Psalms 106 Summary - The Cambridge Bible for Schools and Colleges
This Psalm, as has already been remarked, is a companion to the preceding one. It may well have been composed by the same poet: at any rate it belongs to the same period. It is in the main a confession of the faithlessness and ingratitude which had marked every step of Israel’s history, a confession which is the fitting preface to a prayer for the restoration of the nation. It breathes the spirit of Solomon’s prayer at the Dedication of the Temple (1 Kings 8). A similar confession is found in Nehemiah 9: Daniel 9 and Baruch 2 should also be compared. Psa 106:1 ; Psa 106:47-48 form the conclusion of the anthem in 1Ch 16:34-36.
The Psalmist begins with an invitation to praise Jehovah for His infinite mercy and goodness, for these attributes are the ground of his confidence in appealing to Him once more to save His people; and he adds a personal prayer that he may be permitted himself to rejoice in the sight of the renewed prosperity of Jehovah’s people (Psa 106:1-5).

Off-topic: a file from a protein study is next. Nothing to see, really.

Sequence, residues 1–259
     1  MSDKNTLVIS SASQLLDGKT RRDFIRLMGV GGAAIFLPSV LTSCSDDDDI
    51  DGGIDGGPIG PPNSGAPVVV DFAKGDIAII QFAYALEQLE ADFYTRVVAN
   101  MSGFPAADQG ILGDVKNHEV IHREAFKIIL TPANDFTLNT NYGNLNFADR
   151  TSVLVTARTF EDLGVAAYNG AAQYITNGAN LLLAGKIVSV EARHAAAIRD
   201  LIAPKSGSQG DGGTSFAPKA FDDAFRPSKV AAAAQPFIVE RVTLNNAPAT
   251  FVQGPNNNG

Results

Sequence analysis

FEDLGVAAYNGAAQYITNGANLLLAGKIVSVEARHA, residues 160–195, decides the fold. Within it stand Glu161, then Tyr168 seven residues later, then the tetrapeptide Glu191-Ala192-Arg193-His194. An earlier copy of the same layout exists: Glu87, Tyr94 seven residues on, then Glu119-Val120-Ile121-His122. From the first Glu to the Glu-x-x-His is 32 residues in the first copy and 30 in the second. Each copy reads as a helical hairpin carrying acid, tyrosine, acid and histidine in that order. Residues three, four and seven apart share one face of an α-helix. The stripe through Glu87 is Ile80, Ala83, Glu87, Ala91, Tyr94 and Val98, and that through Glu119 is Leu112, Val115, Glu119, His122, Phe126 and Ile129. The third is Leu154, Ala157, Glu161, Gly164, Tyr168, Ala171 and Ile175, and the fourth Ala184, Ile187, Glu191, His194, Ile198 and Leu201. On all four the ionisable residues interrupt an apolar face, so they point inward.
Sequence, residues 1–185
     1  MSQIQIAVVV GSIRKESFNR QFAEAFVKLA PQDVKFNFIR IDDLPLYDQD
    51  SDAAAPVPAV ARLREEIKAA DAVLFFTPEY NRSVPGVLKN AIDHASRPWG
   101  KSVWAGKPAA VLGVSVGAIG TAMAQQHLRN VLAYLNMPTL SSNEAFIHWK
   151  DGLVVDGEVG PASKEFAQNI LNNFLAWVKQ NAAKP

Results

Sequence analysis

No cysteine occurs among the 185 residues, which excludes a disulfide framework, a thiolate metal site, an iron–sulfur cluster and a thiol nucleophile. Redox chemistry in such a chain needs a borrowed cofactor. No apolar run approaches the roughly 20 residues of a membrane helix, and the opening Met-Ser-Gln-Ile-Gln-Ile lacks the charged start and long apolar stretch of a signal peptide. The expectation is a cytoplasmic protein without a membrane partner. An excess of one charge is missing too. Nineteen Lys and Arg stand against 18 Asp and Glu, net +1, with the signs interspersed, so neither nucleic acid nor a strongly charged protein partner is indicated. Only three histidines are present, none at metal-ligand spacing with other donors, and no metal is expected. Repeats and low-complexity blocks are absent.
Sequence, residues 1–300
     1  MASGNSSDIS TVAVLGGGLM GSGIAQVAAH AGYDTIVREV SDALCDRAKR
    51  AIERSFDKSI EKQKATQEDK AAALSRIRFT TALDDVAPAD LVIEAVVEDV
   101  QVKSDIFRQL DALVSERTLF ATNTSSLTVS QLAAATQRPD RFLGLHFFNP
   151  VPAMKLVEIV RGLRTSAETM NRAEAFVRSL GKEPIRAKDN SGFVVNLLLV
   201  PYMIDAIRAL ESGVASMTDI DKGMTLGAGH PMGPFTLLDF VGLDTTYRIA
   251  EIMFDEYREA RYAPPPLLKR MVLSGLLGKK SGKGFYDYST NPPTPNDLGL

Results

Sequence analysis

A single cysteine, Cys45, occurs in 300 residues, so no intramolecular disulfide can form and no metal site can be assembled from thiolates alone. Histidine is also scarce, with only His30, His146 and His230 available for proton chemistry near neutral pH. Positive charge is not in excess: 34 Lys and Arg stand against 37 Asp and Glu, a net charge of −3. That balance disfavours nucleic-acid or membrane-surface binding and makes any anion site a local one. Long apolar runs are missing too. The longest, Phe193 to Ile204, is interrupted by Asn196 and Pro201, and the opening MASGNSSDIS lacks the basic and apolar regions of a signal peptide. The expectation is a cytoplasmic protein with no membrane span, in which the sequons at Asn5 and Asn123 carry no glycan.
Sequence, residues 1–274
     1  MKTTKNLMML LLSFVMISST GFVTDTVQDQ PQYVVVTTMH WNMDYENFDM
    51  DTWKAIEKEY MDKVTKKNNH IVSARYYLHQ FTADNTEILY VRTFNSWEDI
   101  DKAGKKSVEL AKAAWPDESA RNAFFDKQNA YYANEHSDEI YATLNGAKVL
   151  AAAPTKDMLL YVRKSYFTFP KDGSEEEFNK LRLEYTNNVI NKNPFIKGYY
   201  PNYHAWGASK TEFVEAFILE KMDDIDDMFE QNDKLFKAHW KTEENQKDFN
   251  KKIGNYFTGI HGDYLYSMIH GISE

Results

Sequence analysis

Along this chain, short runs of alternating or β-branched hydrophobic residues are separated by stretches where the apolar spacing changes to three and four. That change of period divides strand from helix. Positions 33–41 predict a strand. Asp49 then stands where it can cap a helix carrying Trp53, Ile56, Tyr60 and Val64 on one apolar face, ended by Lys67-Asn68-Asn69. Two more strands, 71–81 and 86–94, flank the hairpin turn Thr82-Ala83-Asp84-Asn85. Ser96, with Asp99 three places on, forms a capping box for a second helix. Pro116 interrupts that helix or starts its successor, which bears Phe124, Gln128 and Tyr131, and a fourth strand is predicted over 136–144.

But Israel and Israel of the present is one with Israel of the past has sinned grievously (Psa 106:6). The national history is one long record of failure to understand God’s purpose and of resistance to His Will. The Psalmist recites typical instances of their sins from the Exodus to the Entry into Canaan (Psa 106:7-33); and referring in general terms to their subsequent history (Psa 106:34-46) concludes with a prayer for restoration (Psa 106:47) to which the long confession of sin is clearly intended to lead up.
Thus the historical retrospect is set in a liturgical framework. The introductory call to praise is not inappropriate, for without the acknowledgement of God’s invincible goodness the recollection of Israel’s sins would be hopelessly crushing. But the confession of those sins is the necessary condition of the removal of their punishment; and the prayer for restoration, short as it is, is obviously the goal towards which the whole Psalm is directed.
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The Cambridge Bible for Schools and Colleges
The Cambridge Bible for Schools and Colleges is a biblical commentary set published in parts by Cambridge University Press from 1882 onwards. Anglican bishop John Perowne was the general editor. The first section published was written by theologian Thomas Kelly Cheyne and covered the Book of Micah.
Perowne exercised limited editorial control over the writers of individual commentaries: his aim was "to leave each contributor to the unfettered exercise of his own judgment".